(I also need to say somewhere that our primary goal is not to free people from earthly bondage, whether to drugs, pornography, or tyranny. Rather, we are to be introducing them to Jesus. I like to think that showing them how grace and freedom work in everyday life would be a good way to till the soil for showing them their need for forgiveness from God and for his power to live life to the fullest, but God saves whom he will, and he has certainly saved many without tilling the soil my way.)

Unfortunately, too many Christians want to play the power politics game. For example, though government schools are power politics par excellance, Christians want to take control of them, specifically of the curriculum, rather than working to defund them completely. They want to sanitize Social Security, another product of power politics, by making it impossible for homosexuals and single people to designate the recipients of their benefits, rather than defunding it. As a result, we are seen as simply another bunch of baby birds, competitors for Artemis’ nipples, wanting to make others pay for our programs, instead of people who simply want to be left alone to “work out our own salvation with fear and trembling.”

Ben Franklin, asked what kind of government he and his friends had established, replied, “A republic, if you can keep it.” Would he say we have kept it? If not, when would he say we lost it? If so, how is it that most of our fellow citizens think we’re “going the wrong way”? Either way, are we better off trying to gain control of a power structure that has run amok or declaring the whole thing illegitimate and working to get it out of our lives?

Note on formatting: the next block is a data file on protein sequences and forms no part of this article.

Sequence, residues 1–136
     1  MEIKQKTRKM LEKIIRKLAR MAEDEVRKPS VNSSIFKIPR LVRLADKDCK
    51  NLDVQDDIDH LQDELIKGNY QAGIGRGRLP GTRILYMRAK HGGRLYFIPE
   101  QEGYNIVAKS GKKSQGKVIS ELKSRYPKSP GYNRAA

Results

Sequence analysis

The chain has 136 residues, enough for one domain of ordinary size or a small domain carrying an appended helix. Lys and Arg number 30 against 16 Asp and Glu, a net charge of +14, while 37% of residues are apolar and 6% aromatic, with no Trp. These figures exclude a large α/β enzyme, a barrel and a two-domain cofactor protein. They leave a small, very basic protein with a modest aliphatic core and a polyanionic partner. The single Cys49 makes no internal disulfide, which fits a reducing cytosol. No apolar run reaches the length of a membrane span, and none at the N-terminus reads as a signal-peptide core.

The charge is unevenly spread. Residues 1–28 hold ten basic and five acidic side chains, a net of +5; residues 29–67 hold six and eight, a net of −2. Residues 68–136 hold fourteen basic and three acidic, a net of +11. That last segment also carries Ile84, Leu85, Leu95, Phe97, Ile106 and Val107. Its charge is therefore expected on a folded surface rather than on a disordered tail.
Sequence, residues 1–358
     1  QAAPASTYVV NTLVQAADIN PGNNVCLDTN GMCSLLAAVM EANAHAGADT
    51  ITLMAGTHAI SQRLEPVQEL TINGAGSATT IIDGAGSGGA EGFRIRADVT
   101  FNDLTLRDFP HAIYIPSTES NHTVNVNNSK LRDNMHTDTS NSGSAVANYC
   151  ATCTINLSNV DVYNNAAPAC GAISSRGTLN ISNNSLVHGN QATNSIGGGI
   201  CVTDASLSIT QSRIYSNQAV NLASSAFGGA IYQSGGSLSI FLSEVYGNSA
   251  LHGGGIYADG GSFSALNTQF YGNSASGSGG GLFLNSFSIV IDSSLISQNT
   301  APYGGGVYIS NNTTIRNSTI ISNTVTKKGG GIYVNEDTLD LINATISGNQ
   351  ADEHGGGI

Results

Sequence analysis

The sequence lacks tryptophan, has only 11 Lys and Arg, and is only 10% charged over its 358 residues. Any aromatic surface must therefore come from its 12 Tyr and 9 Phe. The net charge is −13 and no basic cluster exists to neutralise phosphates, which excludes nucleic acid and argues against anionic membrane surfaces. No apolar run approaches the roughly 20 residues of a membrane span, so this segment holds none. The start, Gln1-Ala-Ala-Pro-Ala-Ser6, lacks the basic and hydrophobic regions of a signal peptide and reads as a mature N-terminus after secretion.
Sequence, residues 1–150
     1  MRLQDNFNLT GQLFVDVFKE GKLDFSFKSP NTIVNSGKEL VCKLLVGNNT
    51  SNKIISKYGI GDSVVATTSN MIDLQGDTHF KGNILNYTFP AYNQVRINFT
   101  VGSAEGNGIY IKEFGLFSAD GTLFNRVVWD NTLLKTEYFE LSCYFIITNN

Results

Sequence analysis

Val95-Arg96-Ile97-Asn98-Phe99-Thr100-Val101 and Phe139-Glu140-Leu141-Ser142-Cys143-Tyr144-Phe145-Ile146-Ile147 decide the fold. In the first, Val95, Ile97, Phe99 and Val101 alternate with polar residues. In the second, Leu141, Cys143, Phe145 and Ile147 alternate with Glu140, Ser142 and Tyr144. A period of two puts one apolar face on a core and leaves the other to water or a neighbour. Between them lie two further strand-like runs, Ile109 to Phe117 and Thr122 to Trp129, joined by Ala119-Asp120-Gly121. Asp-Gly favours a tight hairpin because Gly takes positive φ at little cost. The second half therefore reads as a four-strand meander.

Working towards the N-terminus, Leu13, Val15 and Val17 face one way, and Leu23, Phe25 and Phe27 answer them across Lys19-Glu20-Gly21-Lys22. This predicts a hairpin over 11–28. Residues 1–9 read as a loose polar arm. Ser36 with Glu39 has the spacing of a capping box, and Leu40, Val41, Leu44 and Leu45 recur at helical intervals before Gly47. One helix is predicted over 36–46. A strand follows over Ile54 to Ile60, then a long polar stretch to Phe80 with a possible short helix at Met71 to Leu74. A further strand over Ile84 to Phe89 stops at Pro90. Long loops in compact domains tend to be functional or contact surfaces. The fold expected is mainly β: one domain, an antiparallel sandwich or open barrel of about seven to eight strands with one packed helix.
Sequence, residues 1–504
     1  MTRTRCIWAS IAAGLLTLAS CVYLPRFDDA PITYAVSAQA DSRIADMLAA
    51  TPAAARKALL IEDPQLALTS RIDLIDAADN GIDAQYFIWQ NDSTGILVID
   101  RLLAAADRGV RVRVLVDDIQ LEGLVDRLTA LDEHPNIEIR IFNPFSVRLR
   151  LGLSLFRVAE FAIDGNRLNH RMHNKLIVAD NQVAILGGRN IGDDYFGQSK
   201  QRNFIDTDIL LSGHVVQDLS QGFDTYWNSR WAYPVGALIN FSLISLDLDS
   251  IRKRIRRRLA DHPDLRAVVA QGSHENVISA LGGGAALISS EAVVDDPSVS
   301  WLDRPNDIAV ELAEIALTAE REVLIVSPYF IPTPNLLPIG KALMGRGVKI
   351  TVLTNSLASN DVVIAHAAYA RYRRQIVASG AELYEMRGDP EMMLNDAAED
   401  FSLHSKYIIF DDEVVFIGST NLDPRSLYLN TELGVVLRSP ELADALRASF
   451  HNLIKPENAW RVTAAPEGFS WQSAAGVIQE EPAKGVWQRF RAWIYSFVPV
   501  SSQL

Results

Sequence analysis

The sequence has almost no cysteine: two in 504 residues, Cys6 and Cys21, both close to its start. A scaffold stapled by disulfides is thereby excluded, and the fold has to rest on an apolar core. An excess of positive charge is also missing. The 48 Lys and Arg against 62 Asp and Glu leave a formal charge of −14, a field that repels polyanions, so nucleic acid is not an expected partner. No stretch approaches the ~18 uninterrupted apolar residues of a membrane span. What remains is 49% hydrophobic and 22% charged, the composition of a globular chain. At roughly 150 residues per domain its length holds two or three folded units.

To declare our government legitimate because it is “a constitutional republic” or that it’s the best government the world has ever seen is to say that people are bound by contracts they did not sign: specifically, we are bound by a constitution that was signed before we were born, one that the politically powerful have the ability to violate at will.

And we should remember that the Declaration of Independence stated that the goal of the secession was that the colonies become “free and independent states,” not “a republic,” one nation, under God or otherwise. Franklin and his gang staged the most successful fraud in our history when they drafted the Constitution instead of revising the Articles of Confederation.

To declare it illegitimate is one step toward declaring lex rex: “the law is king,” and no one—no politician and no armed agent thereof—is above it; no one has the right to take the life, liberty, or property of another.

Not even by majority vote.

1 comment:

  1. You are indeed very perspicacious.I am by nature a dead set contrarian but I find it very difficult to disagree with you.
    Voting only legitimates the "advance auction of stolen goods" as one writer puts it.
    Defunding the beast is the only only way to achieve our goal. As you say, there are only 2 religions, true Christianity and all the others.There is only one rightful government, that is God's Kingdom ruled by his Son Jesus, the only king I am aware of in history who sacrificed his life to save his subjects.